GEO Kent knife sharpener/cleaner.
The circular oak case is mounted on cast-iron legs, with an attractive Armorial brass maker's plate at the top inscribed "Geo Kent / Patentee of Inventions / Promoting Domestic Economy 199 High Holborn / London”, where the “Geo” is a shortening of “George”.
This is a Victorian rotary disc, hand-operated knife cleaning and sharpening machine used from about 1850 to around 1920. It is a stunning example of Victorian engineering at its very best which was made by George Kent of High Holborn London and was the most popular type of knife cleaning and sharpening machine in England in its time.
Prior to the introduction of stainless steel, knives rusted quickly and required constant washing and cleaning. Large households would have used machines like this on a daily basis. The company’s sales motto was ‘Time & Labour Saved’. This message was refined in contemporary advertising posters for later models as ‘Save Labour – Save Time’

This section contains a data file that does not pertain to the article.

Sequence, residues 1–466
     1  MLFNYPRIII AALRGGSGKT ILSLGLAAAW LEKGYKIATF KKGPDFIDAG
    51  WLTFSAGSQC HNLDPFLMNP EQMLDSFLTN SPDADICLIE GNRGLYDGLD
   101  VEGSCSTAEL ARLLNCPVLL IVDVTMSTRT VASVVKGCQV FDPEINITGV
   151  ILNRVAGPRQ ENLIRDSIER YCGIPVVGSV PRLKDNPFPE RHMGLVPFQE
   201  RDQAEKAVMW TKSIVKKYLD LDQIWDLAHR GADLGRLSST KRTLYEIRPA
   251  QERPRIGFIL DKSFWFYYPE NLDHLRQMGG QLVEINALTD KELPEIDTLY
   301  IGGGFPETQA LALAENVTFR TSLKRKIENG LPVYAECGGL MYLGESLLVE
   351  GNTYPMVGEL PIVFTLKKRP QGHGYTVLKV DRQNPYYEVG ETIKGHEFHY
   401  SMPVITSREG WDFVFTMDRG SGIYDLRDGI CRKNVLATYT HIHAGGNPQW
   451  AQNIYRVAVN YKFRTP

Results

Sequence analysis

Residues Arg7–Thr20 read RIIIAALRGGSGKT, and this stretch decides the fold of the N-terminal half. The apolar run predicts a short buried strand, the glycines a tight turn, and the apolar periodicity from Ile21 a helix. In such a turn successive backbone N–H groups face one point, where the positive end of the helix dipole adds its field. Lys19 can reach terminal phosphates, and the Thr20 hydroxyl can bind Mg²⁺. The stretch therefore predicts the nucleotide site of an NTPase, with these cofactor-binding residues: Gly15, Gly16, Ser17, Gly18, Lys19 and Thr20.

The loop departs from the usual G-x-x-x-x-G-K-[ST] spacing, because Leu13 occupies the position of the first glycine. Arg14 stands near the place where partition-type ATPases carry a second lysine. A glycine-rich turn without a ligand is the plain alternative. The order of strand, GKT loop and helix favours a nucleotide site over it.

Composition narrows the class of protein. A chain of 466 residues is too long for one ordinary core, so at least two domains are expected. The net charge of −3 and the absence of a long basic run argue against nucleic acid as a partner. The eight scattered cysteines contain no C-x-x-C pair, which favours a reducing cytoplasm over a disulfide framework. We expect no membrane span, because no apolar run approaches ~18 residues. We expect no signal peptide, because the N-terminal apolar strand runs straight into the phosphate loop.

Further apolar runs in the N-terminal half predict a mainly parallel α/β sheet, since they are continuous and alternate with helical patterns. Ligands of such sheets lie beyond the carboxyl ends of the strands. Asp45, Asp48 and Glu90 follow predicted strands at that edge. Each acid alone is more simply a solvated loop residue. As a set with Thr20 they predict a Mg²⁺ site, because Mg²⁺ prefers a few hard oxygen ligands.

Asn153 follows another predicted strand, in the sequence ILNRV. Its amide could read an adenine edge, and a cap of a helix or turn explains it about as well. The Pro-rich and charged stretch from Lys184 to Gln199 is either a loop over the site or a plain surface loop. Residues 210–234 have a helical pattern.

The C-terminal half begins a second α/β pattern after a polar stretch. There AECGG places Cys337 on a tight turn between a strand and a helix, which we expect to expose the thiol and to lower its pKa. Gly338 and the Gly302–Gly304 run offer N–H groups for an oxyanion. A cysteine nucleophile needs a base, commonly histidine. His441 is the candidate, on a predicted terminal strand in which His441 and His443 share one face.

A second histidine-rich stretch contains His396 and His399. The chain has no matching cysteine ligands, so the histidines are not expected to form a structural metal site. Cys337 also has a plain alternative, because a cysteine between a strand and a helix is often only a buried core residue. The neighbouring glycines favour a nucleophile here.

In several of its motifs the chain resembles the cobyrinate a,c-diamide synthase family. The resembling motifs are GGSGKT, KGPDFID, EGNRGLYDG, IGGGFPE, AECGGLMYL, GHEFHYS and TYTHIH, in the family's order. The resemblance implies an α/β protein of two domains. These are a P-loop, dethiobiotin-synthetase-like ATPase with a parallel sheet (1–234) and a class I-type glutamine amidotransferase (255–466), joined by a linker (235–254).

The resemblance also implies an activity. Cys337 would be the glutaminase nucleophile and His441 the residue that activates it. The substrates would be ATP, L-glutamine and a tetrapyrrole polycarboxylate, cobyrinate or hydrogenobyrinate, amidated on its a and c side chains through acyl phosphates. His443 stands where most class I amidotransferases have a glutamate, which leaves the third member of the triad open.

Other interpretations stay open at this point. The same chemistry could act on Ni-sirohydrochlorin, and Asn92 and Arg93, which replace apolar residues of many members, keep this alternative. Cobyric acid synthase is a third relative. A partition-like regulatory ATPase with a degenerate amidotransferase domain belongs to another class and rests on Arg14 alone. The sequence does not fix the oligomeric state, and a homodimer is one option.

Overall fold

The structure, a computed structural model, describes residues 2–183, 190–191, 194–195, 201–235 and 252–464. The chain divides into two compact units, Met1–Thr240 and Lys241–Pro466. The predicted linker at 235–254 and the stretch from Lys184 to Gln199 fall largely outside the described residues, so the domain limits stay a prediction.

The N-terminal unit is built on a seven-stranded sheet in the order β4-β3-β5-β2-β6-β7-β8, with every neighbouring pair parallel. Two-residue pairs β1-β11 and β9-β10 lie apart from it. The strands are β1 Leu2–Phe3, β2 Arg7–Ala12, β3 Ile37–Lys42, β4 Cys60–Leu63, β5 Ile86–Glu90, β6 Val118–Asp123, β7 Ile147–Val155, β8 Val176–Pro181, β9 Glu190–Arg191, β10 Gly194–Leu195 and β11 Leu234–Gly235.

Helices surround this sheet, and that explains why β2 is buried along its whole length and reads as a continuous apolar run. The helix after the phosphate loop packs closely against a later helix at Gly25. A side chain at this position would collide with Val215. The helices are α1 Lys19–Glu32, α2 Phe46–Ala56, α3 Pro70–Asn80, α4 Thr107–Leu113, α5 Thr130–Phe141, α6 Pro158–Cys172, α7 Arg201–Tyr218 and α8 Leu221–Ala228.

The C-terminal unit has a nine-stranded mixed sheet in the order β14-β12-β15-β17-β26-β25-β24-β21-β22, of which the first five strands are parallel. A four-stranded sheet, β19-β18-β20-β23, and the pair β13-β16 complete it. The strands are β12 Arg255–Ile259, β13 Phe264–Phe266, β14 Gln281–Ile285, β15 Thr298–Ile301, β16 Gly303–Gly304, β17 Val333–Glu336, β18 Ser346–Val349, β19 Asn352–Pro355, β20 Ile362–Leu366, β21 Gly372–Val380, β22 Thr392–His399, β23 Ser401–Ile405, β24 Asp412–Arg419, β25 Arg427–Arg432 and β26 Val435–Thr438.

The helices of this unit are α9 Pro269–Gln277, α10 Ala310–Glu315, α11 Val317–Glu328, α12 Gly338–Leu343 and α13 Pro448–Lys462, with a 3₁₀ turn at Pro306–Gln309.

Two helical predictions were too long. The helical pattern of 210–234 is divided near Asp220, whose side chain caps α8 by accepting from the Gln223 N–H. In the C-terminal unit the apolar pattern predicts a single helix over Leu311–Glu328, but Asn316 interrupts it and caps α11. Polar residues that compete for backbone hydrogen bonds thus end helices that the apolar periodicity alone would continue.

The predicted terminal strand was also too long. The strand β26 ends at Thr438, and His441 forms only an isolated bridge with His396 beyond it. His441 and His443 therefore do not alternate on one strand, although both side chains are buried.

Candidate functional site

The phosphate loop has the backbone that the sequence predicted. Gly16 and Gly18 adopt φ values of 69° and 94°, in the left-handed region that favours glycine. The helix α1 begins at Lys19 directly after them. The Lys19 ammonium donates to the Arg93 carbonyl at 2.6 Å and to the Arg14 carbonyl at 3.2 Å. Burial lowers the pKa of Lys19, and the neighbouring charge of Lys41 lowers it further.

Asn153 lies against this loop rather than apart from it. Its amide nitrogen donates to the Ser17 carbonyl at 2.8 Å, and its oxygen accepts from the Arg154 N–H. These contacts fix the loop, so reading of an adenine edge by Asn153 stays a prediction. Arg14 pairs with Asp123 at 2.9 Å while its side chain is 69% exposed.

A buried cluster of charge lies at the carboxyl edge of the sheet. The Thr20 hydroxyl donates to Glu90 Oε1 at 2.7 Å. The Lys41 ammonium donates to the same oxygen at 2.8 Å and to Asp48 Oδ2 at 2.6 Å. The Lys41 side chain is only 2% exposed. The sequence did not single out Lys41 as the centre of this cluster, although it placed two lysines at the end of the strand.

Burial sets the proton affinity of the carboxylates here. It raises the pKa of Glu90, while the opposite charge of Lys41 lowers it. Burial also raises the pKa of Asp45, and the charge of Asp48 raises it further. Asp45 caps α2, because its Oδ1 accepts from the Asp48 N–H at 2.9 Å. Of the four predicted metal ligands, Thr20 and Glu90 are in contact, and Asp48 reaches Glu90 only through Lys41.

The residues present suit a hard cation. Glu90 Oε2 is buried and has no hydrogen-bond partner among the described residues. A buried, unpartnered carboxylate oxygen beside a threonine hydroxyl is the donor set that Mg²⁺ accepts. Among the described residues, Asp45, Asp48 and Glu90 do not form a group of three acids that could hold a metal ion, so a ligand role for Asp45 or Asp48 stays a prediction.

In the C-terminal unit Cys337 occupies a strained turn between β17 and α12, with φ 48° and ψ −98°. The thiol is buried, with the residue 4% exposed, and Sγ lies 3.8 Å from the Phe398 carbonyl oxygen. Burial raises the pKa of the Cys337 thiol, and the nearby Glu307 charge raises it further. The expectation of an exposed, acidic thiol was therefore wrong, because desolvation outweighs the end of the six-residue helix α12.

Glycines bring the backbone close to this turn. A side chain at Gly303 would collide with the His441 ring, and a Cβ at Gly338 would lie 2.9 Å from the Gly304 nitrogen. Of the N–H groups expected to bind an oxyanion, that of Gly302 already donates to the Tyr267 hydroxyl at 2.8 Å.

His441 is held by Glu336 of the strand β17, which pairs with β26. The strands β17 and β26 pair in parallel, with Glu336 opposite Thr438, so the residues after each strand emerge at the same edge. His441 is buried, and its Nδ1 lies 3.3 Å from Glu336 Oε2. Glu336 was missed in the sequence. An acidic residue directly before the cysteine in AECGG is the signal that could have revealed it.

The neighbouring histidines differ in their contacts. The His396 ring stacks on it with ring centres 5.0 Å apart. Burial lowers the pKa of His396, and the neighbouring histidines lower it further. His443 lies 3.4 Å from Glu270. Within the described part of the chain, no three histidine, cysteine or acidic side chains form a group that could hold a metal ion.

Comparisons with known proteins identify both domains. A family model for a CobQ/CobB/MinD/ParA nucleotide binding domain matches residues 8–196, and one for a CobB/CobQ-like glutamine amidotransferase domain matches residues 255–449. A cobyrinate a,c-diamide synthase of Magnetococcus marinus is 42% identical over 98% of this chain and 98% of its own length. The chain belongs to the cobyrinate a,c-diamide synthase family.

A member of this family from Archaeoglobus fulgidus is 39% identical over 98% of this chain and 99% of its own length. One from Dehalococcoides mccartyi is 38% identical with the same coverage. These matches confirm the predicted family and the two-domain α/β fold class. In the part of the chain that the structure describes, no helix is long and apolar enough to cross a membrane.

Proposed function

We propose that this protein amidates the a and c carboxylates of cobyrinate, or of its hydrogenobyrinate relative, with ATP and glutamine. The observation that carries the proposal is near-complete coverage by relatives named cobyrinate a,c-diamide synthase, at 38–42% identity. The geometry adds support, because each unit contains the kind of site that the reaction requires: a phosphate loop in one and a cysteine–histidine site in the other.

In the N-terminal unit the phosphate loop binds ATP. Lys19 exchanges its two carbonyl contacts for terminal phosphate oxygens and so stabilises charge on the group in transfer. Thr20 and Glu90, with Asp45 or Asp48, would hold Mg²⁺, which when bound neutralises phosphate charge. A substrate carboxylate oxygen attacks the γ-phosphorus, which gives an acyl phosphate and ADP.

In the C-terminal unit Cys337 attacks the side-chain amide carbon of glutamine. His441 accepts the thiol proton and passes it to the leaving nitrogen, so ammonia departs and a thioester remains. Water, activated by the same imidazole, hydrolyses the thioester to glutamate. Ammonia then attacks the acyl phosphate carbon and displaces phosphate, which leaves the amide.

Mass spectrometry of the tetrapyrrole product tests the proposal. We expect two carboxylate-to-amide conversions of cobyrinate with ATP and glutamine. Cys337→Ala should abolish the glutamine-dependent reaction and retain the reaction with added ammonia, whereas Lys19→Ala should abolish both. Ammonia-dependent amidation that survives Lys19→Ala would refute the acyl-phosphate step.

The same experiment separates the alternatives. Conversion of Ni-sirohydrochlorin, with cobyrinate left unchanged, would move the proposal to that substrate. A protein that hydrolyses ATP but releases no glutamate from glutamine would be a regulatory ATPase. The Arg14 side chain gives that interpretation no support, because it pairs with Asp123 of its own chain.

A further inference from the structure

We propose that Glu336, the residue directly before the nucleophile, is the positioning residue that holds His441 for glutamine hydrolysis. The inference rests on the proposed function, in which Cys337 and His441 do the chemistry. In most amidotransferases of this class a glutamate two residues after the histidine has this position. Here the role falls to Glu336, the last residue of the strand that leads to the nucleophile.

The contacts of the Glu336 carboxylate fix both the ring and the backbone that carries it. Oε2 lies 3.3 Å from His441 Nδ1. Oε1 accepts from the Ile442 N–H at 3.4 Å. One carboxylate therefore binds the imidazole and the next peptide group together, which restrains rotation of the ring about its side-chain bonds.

Geo Kent Ltd. London. Badge: Geo Kent Patentee of Inventions Promoting Domestic Economy. 100 High Holborn London.
USE ONLY Kents Prepared Emery IN THIS MACHINE.
Other paper label shows how to place the knife and how not to place knife in machine.
Special Directions; All Grease ___ must be removed from blades before putting knives in machine. The edges of blades must be towards the stays. Small knives must not be cleaned with large ones. The index must be pointed to the dot when putting in, adjusting or taking out Table or Dessert knives. The Carver must be cleaned by itself, and when putting it in , shifting it, or taking it out the index must point to the Carver Hole. The shoulders of knives must always be kept below the top of the stays or supports. Emery, Kents prepared should only be used in this machine. George Kent Ltd ___-201 High Holborn London. [Copyright]
To use the Knife Cleaner, knives are placed in the slots at the top of the rotary oak box. Inside are roller sharpeners, felt buffers and bristles which clean and polish both sides of the knife at the same time. An abrasive powder is poured through the chute and the rotary action constantly raises the polishing powder from the supply chute.
In Australia appliances like this would only have been used in commercial premises and this one was used in the kitchens of Cave House, Yallingup.